While most autoantibodies produced in AIH are non-specific, they are still important for diagnosis. Clinically significant autoantibodies include anti-nuclear antibodies (ANA), which occur in up to 80% of affected patients and give a speckled or homogenous nuclear staining by immunofluorescence.18 Another important antibody is the anti-smooth muscle antibody (ASMA), which occurs in 70% of patients. The titer of both of these antibodies should be greater than 1:40 to be considered as significant. AIH type 1 is the classic type that is associated with ANA and ASMA. The latter can be seen in low levels in non-AIH cases such as alcoholic and non-alcoholic fatty liver disease, Wilson disease and hepatitis C infection.8

Autoantibody to soluble liver antigen/liver pancreas is a recent diagnostic autoantibody seen in 15-20% of patients with type 1 AIH. Type 2 on the other hand is positive for anti-liver kidney microsomal antibody type 1 and 3 (anti-LKM 1/3) and/or anti-liver cytosol type 1 antibody (anti-LC1).1 Type 2 AIH is usually negative for ANA and ASMA. It is not common and seen mostly in children. Anti-LKM can be seen in up to 10% of hepatitis C cases. Its presence is associated with unfavorable clinical outcome and rapid clinical decline. Less common autoantibodies include anti-liver pancreas antigen, anti-soluble liver antigen and anti-asialoglycoprotein receptor.8,18-20

Pathology

The pathological diagnosis of AIH is made in conjunction with the clinical and serological findings. Grossly the liver often shows no or little diagnostic change. The appearance of the liver may be entirely normal especially in early stage. When parenchymal collapse from hepatocyte necrosis occurs and later on as cirrhosis sets in, the liver may shrink giving rise to a nodular appearance.8,9,21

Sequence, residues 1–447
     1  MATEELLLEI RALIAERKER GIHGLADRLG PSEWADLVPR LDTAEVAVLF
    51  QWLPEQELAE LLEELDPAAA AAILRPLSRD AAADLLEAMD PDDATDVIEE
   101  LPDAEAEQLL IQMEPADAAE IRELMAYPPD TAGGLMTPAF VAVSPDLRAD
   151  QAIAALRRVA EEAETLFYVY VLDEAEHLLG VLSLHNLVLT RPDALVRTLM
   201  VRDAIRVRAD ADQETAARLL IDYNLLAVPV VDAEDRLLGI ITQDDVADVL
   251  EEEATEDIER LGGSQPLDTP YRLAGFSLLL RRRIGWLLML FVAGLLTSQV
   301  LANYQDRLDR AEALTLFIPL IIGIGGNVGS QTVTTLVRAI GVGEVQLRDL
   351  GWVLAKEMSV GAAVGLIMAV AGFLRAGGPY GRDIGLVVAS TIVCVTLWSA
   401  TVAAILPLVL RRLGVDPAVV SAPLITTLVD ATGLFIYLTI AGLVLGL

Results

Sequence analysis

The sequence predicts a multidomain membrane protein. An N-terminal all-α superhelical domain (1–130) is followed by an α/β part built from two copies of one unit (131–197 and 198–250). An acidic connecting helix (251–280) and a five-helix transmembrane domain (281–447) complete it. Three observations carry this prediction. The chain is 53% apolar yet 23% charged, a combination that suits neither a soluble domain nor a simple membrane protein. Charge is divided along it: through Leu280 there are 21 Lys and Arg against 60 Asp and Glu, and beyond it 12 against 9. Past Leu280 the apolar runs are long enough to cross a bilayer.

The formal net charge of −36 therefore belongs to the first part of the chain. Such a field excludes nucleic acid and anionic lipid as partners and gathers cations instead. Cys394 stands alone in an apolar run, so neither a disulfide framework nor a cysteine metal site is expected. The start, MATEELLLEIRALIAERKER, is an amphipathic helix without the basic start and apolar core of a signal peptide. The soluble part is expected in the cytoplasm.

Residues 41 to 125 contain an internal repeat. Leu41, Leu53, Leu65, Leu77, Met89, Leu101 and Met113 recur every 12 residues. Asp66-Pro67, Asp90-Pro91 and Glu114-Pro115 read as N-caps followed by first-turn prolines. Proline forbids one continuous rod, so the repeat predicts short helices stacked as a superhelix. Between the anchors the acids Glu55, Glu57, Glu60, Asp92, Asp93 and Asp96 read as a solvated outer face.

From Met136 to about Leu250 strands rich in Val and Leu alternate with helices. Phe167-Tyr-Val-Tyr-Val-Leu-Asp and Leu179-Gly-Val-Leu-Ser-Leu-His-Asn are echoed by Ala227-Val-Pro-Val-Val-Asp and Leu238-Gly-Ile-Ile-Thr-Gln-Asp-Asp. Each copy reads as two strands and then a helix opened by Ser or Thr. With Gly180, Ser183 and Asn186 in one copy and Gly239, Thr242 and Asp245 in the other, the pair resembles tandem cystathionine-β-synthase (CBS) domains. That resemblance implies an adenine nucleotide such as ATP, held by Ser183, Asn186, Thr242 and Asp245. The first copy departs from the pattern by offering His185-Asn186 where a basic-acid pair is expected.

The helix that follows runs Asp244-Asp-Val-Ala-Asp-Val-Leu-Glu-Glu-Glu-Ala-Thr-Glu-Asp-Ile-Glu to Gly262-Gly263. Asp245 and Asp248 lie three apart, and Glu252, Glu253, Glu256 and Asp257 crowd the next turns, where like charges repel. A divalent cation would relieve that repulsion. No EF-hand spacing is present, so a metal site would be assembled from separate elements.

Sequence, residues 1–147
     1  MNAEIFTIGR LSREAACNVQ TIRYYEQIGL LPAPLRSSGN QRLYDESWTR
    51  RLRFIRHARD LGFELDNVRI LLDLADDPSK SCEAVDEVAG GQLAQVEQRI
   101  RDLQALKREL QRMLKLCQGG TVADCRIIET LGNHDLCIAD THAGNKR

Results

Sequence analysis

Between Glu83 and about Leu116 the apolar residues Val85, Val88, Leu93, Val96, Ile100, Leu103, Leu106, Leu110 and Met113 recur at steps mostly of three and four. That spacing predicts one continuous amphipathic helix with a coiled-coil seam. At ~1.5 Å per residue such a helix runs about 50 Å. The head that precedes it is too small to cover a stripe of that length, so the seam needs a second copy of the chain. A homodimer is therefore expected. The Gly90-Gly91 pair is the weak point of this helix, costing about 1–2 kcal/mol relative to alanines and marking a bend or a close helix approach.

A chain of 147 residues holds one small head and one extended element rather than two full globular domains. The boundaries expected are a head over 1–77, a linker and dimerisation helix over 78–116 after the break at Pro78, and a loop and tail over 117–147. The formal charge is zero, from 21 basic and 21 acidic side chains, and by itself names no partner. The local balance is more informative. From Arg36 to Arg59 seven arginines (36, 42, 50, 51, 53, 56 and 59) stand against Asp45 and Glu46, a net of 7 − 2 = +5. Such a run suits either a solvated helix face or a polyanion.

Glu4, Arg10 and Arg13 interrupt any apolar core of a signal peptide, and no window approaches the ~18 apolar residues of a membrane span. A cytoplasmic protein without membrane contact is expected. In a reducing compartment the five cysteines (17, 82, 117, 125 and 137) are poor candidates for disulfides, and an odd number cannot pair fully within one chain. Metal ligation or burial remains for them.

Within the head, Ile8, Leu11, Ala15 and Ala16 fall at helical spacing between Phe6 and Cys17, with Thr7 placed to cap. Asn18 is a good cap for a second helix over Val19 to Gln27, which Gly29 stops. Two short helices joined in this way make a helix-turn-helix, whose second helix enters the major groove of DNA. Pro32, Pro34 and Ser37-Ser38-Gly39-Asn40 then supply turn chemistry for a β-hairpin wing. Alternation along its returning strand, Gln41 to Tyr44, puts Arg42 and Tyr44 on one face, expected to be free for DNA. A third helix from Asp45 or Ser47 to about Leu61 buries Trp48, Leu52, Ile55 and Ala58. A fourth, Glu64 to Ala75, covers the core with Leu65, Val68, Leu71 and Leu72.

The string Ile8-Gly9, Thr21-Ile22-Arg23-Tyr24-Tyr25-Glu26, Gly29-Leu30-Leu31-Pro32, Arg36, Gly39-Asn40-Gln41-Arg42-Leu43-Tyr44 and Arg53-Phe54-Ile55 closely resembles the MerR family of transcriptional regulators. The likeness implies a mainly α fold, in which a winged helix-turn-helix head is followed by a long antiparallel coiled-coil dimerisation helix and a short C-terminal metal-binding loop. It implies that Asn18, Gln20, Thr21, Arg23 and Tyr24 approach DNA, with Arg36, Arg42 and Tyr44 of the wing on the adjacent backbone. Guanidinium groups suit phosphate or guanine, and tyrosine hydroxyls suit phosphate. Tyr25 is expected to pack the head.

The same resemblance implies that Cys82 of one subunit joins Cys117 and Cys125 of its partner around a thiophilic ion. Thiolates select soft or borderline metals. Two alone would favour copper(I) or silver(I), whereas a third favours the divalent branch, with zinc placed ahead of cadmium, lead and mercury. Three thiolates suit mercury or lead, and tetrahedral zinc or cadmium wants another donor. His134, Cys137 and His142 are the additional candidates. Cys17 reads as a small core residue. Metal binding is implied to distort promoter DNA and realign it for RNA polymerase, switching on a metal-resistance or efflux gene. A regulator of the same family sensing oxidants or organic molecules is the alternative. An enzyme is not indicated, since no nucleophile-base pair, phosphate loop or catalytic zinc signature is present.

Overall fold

Liver biopsy provides valuable information for the diagnosis of AIH. Sometimes, the diagnosis cannot be made especially in patients that present with established cirrhosis, refuse to have a biopsy or have a bleeding disorder. In recent years, pathological specimens have included explanted livers and post transplant liver biopsies.8,21,22

The histologic findings of AIH include a spectrum of panlobular inflammatory involvement of the liver parenchyma varying from absent to minimal histopathologic change in quiescent phase to increased plasma cells admixed with chronic inflammatory cells in the portal and periportal areas during flare-ups (Figure 1A-C).1,23 The quantity of inflammatory cells varies depending on the grade of the disease. While a few intraepithelial lymphocytes may be seen within the biliary epithelium, bile ductal destruction is usually absent. If it is present, the possibility of primary biliary cirrhosis or overlap syndrome should be considered.8,23-25

Figure 1.

Histologic findings in autoimmune hepatitis. The portal tracts show fibrous expansion and bile ductular proliferation (A). Lymphocytes and plasma cells are seen within the portal areas. There is mild interphase activity with rare hepatocyte necrosis (B). Widespread mild lobular activity is present (C). Trichrome special stain shows bridging fibrosis, sinusoidal fibrosis, portal fibrous expansion, and small nodular formation, compatible with cirrhosis (D).

10.7156_najms.2018.1101006-f001.jpg